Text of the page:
When Your Credit Card's Travel Insurance Coverage Isn't Enough

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When Your Credit Card’s Travel Insurance Coverage Isn’t Enough

Many credit cards offer travel insurance as a perk, but the limited coverage may not be adequate if you are taking an expensive trip.

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QI see the need for travel insurance, and some credit cards offer protection that I think is pretty comparable to what one could purchase in the marketplace. Do I still need travel insurance if I have coverage through a credit card?

AIf you’re taking a short, inexpensive domestic trip – say, a $200 flight followed by a stay at your aunt’s house – the cancellation and delay protections folded into a travel credit card will probably suffice. But if you’re plunking down a large deposit on a blowout vacation or if you are heading abroad, an independent travel insurance plan is the safest option.

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Independent travel insurance policies are more comprehensive than the coverages rolled into your credit card as a free perk. A policy will cover under more circumstances if you must cancel or interrupt a trip, and you can customize your policy in a variety of ways. For example, you can add riders that cover adventure activities, allow you to cancel for any reason or include coverage of preexisting health conditions. Or you can choose a policy that allows you to cancel based on a hurricane warning at your destination instead of only if the storm directly hits the locale. You can insure the entire prepaid, nonrefundable portion of your trip, whereas a credit card carries an annual or per-trip limit. Plus, you’ll need to pay for all or part of your trip with that card, depending on the issuer’s terms and conditions.

Travel credit cards are especially weak when it comes to medical care and medical evacuation. Although many include travel accident insurance, which provides reimbursement if you or someone in your party dies or is dismembered on a trip, few cards will cover you for unexpected illnesses, injuries and medevac. But a third-party policy will cover these emergencies at limits you specify.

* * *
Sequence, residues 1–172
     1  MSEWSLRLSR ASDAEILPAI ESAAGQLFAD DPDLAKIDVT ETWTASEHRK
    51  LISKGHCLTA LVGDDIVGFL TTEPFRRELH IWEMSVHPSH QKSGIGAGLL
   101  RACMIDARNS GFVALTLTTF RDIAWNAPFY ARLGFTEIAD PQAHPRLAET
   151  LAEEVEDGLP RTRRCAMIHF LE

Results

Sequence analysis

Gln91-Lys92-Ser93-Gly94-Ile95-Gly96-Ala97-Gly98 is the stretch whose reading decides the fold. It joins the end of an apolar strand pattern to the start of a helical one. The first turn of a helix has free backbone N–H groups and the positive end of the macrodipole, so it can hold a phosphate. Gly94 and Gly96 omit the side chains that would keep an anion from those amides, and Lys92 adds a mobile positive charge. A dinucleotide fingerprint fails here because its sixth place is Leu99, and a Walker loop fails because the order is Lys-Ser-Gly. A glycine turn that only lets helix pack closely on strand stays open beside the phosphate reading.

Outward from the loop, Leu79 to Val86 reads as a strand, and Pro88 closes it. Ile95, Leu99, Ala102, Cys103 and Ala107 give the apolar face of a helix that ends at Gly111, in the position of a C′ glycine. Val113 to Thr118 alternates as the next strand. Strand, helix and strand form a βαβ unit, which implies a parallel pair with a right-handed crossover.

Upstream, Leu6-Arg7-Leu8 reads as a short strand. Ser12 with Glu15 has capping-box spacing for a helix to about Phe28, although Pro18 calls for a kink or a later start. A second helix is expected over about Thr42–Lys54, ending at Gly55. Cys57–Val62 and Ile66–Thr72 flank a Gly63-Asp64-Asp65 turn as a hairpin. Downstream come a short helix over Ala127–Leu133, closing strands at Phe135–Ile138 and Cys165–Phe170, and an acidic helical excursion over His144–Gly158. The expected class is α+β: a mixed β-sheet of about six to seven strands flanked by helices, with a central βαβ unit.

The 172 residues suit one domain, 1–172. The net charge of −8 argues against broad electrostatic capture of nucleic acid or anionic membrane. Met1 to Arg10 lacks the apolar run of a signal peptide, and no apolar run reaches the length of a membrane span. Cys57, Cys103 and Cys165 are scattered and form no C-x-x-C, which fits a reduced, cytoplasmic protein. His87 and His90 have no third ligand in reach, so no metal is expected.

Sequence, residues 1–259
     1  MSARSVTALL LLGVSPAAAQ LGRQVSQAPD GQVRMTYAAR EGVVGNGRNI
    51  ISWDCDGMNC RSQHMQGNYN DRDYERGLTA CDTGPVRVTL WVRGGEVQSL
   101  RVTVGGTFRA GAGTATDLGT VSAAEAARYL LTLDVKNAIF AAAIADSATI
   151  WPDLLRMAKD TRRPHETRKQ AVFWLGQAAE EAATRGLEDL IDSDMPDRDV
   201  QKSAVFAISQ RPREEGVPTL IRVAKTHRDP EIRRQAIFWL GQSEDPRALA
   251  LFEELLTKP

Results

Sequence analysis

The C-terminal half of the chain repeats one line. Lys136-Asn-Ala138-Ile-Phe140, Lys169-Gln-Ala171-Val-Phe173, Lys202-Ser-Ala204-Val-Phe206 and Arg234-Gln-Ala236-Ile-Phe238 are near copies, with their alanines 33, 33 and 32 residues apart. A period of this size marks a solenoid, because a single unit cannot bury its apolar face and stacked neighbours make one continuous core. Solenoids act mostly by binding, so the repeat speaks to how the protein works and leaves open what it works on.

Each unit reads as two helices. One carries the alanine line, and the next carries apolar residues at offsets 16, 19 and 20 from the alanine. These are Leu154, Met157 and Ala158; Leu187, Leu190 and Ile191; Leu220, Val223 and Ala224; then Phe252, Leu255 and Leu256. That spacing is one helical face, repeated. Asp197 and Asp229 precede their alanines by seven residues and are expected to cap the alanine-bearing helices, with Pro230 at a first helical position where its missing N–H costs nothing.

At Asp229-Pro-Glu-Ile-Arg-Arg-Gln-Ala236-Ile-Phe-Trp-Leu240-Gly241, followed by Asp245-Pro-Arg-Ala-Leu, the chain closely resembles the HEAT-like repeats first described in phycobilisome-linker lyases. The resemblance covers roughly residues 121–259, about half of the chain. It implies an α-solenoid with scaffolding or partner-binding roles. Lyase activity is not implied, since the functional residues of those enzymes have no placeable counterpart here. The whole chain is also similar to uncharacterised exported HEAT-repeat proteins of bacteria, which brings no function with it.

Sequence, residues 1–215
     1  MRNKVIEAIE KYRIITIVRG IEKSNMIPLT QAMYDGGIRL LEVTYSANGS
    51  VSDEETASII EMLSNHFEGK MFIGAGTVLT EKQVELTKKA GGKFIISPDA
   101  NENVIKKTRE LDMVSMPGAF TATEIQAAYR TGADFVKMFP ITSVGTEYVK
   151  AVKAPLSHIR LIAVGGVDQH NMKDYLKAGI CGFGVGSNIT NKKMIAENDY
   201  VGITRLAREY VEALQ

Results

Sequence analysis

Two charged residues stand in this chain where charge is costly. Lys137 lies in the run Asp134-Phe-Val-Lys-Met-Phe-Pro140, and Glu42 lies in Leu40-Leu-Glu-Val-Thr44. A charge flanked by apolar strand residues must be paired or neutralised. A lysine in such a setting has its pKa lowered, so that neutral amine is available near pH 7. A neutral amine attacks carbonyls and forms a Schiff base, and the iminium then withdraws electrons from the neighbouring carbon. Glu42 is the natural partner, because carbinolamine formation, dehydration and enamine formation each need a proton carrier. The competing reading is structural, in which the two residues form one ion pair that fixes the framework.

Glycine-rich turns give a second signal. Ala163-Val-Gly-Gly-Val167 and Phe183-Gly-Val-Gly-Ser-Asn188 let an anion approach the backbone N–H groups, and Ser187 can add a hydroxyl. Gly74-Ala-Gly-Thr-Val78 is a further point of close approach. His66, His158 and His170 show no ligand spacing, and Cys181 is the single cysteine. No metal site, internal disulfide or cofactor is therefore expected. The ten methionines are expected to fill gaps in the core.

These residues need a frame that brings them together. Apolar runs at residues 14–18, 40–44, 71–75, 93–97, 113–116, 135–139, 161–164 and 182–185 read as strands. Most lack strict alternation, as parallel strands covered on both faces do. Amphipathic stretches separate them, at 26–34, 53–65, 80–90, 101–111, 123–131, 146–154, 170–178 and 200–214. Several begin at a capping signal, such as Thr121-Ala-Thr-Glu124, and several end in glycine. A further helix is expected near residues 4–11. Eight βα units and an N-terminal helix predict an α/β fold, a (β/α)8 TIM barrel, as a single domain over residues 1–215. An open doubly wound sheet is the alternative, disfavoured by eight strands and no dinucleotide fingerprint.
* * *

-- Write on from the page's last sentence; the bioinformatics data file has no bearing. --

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Even premium credit cards with fairly strong insurance benefits have gaps. Katherine Fan, senior travel features reporter at ThePointsGuy.com, says the Chase Sapphire Reserve ($450 annual fee) and Citi Prestige ($495 annual fee) consistently rank well among credit credits for travel insurance benefits. The Reserve card offers up to $10,000 per person in cancellation and interruption insurance, reimbursement of up to $500 per ticket for expenses related to a delayed trip of more than six hours, up to $3,000 per passenger for lost luggage and up to $100 a day for five days for essentials in delayed baggage. The Reserve also provides up to $100,000 in evacuation coverage for injury or illness, plus reimbursement for emergency medical or dental expenses – but only up to $2,500. The Citi Prestige card provides up to $5,000 per trip in cancellation and interruption insurance, reimbursement of up to $500 for expenses related to a delayed trip, up to $3,000 per passenger for lost luggage, up to $500 for delayed baggage and up to $100,000 in medical evacuation coverage, but no coverage for medical expenses. But one complaint with the Citi Prestige is that it does not cover costs relating to missed connections if the delay that caused you to miss your connection was less than six hours, says Fan.

To find an independent policy, start your search at www.insuremytrip.com or www.squaremouth.com. List your prepaid, nonrefundable costs, sort the results from least to most expensive, then start at the bottom and work your way up to find the most economical plan with adequate coverage limits (we recommend a minimum of $50,000 for medical care and $100,000 for medevac). A comprehensive policy will typically run 5% to 10% of your total trip cost. Alternatively, you can insure only for emergency medical and medevac for a lower premium.

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Got a question? Ask Kiplinger at askkip@kiplinger.com.